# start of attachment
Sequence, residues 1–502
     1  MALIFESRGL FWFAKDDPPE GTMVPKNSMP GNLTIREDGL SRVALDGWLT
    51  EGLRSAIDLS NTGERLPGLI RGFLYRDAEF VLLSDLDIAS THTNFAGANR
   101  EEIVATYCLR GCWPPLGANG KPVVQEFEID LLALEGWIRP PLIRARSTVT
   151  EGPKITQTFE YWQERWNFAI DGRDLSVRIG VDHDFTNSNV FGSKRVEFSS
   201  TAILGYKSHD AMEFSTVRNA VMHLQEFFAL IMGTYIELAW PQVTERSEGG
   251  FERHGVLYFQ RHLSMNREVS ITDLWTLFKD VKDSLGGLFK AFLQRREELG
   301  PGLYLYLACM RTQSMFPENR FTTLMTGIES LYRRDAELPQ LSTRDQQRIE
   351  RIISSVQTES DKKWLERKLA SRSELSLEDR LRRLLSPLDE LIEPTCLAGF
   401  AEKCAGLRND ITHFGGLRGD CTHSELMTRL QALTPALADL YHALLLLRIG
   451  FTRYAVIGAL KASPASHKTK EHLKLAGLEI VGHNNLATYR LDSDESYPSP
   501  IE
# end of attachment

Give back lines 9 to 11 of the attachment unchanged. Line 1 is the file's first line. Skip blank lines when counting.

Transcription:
   351  RIISSVQTES DKKWLERKLA SRSELSLEDR LRRLLSPLDE LIEPTCLAGF
   401  AEKCAGLRND ITHFGGLRGD CTHSELMTRL QALTPALADL YHALLLLRIG
   451  FTRYAVIGAL KASPASHKTK EHLKLAGLEI VGHNNLATYR LDSDESYPSP